LGBTQ rights, Women’s rights, legal rights, the prohibition of slavery and a debtors prison, freedom of speech, press, assembly, and religion, these are all human rights.
Factoids tagged with "Human Rights"
The KKK and slavery both have their roots in the Democratic party (previously the anti-Federalists); the party’s aversion to aristocracy allowed for both at one time, but that changed.
The United States has the world’s highest incarceration rate and hosts more prison inmates than all other developed nations combined.
As James Madison said when discussing special interest factions and liberty in the Federalist #10, “Liberty is to faction what air is to fire, an aliment without which it instantly expires”.
The Court of Arbitration for Sport (CAS) ruled that athletes can determine their own sex in international sports like the Olympics.
Studies have shown there is no single determinant of sex, gender, or sexuality. Thus, a binary distinction of “male or female” fails to describe a wide range of humans in practice.
Madison drafted both the Constitution and the Bill of Rights, but he wasn’t the sole author of either, both were debated and approved by committees.
Some claim the Second Amendment, like the Three-Fifths Compromise, was ratified to preserve slavery. This is only partially true.
Thomas Jefferson never said, “every generation needs a new revolution”, but he did say, “a little rebellion now and then is a good thing.”
Victoria Woodhull, an American leader of the woman’s suffrage movement, became the first female candidate for President of the United States in 1872.
The point of the Second Amendment is to secure a free-state via a well-regulated state-run militia. Thus, people have the right to keep and bear arms.
Alan Turing can be considered “the father of computer science and AI.” Turing made major contributions to computing, codebreaking, and even helped the Allies win WWII.
Blog Posts tagged with "Human Rights"
The U.S. Bill of Rights expresses natural human rights with no economic implications, a Second Bill of Rights expresses rights “that ought to be” but have economic implications.
The tension between city interests and rural interests is at the heart of much political polarization, and in America it begs “the Southern Question”.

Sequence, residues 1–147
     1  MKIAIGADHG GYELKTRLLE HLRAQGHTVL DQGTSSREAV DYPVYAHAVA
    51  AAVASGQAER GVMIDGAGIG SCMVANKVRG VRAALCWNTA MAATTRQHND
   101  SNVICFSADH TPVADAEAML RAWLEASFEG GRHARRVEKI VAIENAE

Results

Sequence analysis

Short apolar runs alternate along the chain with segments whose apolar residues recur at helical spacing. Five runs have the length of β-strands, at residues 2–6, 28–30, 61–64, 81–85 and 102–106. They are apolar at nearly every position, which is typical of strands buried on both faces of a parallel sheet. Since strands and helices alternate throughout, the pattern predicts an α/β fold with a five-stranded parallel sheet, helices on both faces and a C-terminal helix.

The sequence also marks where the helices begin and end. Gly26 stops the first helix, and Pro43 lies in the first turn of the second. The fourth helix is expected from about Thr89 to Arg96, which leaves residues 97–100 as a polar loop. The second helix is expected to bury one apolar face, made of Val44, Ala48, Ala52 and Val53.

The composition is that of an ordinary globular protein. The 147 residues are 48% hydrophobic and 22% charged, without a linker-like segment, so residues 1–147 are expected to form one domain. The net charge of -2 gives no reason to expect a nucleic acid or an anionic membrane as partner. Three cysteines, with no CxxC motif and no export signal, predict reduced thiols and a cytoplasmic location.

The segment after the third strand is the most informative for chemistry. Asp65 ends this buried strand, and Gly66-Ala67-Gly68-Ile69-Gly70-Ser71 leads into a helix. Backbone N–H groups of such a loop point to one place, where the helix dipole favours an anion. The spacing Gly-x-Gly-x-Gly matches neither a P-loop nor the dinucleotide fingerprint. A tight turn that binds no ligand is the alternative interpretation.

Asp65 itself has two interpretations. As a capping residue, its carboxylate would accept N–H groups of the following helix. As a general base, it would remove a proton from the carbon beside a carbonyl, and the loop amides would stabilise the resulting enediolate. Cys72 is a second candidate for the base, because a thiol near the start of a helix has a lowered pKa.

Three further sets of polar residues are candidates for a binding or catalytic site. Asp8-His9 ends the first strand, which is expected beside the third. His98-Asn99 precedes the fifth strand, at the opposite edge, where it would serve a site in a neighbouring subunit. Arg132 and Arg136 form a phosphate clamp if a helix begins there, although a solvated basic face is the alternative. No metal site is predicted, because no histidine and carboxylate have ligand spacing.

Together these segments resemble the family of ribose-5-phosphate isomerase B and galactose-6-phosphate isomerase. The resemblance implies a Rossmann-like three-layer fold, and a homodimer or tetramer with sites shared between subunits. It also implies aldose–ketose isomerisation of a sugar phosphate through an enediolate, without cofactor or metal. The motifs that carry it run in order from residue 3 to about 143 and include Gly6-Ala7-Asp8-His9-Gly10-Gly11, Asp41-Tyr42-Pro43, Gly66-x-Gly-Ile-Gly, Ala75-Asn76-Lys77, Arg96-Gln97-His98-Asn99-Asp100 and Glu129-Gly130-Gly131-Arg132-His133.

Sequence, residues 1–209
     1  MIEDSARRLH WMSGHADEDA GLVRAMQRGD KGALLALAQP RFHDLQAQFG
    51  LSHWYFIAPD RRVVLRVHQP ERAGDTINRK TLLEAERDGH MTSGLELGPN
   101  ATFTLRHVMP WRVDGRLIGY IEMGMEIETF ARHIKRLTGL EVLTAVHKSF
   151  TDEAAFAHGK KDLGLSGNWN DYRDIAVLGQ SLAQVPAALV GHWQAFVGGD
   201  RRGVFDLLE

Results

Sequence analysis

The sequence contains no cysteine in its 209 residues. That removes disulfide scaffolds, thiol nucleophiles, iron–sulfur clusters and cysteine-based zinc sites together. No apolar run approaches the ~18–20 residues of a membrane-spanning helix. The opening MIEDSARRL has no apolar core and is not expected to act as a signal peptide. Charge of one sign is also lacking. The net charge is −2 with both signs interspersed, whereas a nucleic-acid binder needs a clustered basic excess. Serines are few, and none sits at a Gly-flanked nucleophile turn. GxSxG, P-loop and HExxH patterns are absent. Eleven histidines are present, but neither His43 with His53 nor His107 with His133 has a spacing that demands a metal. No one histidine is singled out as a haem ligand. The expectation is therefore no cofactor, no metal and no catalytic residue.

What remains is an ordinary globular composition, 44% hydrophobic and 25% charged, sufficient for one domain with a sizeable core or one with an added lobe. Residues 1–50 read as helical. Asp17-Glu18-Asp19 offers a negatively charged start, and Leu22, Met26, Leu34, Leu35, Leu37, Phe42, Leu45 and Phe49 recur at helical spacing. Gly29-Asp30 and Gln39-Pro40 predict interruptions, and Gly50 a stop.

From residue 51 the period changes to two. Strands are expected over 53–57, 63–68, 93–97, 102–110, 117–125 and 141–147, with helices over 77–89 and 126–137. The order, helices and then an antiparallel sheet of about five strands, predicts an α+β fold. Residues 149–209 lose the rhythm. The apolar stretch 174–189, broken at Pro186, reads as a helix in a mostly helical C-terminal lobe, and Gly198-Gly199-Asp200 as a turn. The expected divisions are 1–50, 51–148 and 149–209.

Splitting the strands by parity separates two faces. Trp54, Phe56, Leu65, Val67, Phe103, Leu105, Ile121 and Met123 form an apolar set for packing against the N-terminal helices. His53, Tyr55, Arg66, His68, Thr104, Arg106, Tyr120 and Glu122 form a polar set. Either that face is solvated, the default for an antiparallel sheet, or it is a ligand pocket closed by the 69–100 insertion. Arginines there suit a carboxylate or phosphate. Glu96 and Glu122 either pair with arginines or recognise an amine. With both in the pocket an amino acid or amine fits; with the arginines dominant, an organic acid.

Conservatism is the ideology of governmental, cultural, and economic order, tradition, hierarchy, and authority that generally comes in classical, social, and economic forms.
We look at the effect of the black voter and black suffrage on the balance of political power in the two-party system.
We explain the different types of American progressivism from the founders, to the Reform movements, to Bryan and the Roosevelts, to the progressives and populists of today.
The major U.S. political parties switched factions many times in history. The story is complex. Here are some different ways to look at it.
In general, four powers have ruled over the citizens of a nation in any era, these are Barons, Churches, Kings, and Citizens themselves.
Liberalism is the political ideology of liberty and equality, where classical liberalism emphasizes individual liberty and social liberalism emphasizes social equality.
We present a summary of the history of human rights documents including the Bill of Rights, Magna Carta, Declaration of Rights and Man, and English Bill of Rights.
Classical liberalism arose in opposition to state-imposed religion and aristocracy in the 1600 – 1700’s during the Age of Enlightenment in Europe and America.
Most groups, bound by class, race, religion, socioeconomic status, or some other force have faced oppression with rebellion. Here are tips on avoiding common pitfalls.